It’s sad that we haven’t managed to create any ritual for the home-coming day anniversary. I’d like to do something small and significant but I just can’t think what. Going to a temple or something would be completely fake for a staunch atheist like Amit and a non-conformist believer like me. Donating to some charitable organization would be a better thing to do, but neither of us has the conviction to actually do anything about it. So we spend the day feeling profoundly thankful (like we do many days) without knowing how, exactly, to express our thanks.

The day before home-coming day, we got a courier from Pondicherry. It contained a photocopy of the adoption order. Finally, after three long years, we held the paper in our hands and read each line through twice. Apart from two very, very minor typos, it was ok. But it was only a photocopy. Now we have to wait for the original.

Meanwhile, four has already turned into an interesting year. One day a week or so ago, I went to daycare to pick up the girls as usual. Tara came to me, I picked her up, and she buried her face in my neck. Nice… but unusual. It became even more unusual as she stayed that way, refusing to look at me or talk. I began to wonder what was wrong. The assistant told me, sheepishly, that Tara was upset because she’d been given timeout. She was swinging too high on a swing and shouting too much, so the assistant, B, had made her sit on a small bench for a few minutes. That’s all. After that, Tara had gone and joined her friends in the sandpit, where she’d been playing when I came in.

Tara, meanwhile, still clung to me like a limpet, refusing to talk or look at anyone. After a good few minutes, tears slowly came. She deigned to look at me and nod or shake her head to my questions, but she refused to speak either to B or to anyone else at the daycare centre. It took a good 15 minutes of trying to get her out of my arms and standing on her own feet. She wasn’t crying by then, but she was still refusing to speak to anyone. B clearly felt terrible and tried to make it up to her, but Tara didn’t even look at her, despite B’s best efforts.

She continued to be quiet and sad in the car on the way home, and refused to talk to her beloved GP (my FIL) when we reached home, but after 15 minutes of play, she was almost back to normal. B, however, continued to feel terrible about it.

To be honest, I think we were all quite shocked by Tara’s reaction. I couldn’t be sure whether she was ashamed or whether she felt that the punishment was unfair, but she was clearly very, very upset about it. What was most surprising was how she’d kept it completely hidden until I showed up. My little girl is growing up!

While GP was here, Mrini became a bit unmanageable. She realized that there was one additional adult in the picture and that this changed (or so she thought) the balance of power. When I scolded her for anything, she immediately turned to him for support. Once, for instance, I scolded her for taking a slice of cucumber out of his plate without washing her hands and sitting down at the table for dinner. The rule is, eat at mealtimes, at the dining table, and eat only what’s on offer for you – not whenever you like, wherever you like, whatever you like (though at least in this instance it was something healthy, not a biscuit or chocolate).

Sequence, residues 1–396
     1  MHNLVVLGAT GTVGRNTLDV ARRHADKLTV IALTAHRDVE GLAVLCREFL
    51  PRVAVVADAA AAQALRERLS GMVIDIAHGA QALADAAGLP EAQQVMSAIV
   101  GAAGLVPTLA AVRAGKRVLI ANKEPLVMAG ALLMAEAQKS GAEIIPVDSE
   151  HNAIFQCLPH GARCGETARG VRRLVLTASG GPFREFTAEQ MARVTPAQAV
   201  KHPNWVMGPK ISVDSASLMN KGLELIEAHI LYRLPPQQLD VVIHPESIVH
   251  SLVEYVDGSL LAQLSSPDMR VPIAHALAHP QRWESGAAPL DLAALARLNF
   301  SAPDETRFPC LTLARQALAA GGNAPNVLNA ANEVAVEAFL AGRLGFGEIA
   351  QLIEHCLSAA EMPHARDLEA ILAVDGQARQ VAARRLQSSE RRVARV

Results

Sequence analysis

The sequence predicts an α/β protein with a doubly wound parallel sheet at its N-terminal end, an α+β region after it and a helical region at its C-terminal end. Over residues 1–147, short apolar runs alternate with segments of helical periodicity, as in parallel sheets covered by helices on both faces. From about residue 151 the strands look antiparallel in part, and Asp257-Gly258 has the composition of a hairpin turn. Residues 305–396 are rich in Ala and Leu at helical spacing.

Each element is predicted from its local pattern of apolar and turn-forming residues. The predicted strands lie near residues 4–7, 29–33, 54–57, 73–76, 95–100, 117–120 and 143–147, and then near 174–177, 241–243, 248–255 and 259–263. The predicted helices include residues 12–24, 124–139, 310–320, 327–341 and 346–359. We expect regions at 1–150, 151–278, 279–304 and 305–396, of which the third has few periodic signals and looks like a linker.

I took the cucumber out of her hand and told her to go wash her hands. You know what she did? She promptly ran to GP and asked for another slice of cucumber!!!

Since I couldn’t exactly scold GP, I scolded her for that. He got the message.

But then, on Saturday Mrini was just amazing. Amit and I were at the dining table having breakfast when Amit idly said to her, “Go get me a glass of juice.” We didn’t expect her to do it, because they aren’t allowed to open the fridge. In fact we didn’t even think they could open the fridge because the handle is quite high and the door is quite difficult to open. Plus the whole getting-juice operation is quite complex, so it was really just an idle comment. But, you have to be careful what you wish for. This is what Mrini did:

1. Ran to the fridge, stood on tip-toe and yanked the door open.
2. Took out the juice and went to the kitchen.
3. Put the juice carton on the counter and took a washed glass (a glass glass) from the draining board and set it on the counter next to the juice carton.
4. Opened the juice carton and stood on tiptoe.
5. Poured the juice into the glass.
6. Covered the juice carton, took it to the fridge, yanked the door open and put the juice carton back in its own slot in the fridge.
7. Went back to the kitchen, got the glass and carried it carefully in both hands to where Amit was sitting.
8. Gave us a proud and pleased-as-punch look, while we looked at her in utter disbelief.
9. Asked Amit for juice!


August 17, 2010

We took the kids for their annual health checkup on Saturday. Actually, there wasn’t much need to take them for a check-up, they seem to be so very ok. But we do have to provide this letter to the Family Court each year, testifying to their mental, physical, social, emotional and academic fitness… so we had to go anyway.

One thing is for sure: the healthcare industry is booming. The hospital was so crowded that we couldn’t get parking, even though they have a huge open parking lot which I never thought could possibly be filled up unless there were some kind of city-wide calamity. I went in, while Amit sat in the parking queue, but he eventually handed over the car to a valet to park. It was a smart move: A couple of minutes later, even people asking for valet parking were being turned away!

Inside, the chaos was equally evident. The pediatric department was full and overflowing, and the two attendants at the desk were harassed and busy. I asked how long we’d have to wait and was told it would take an hour. I immediately regretted having paid up the consultation fee already, but then it turned out that that was the waiting time for those who didn’t have appointments. With an appointment, we wouldn’t have to wait long.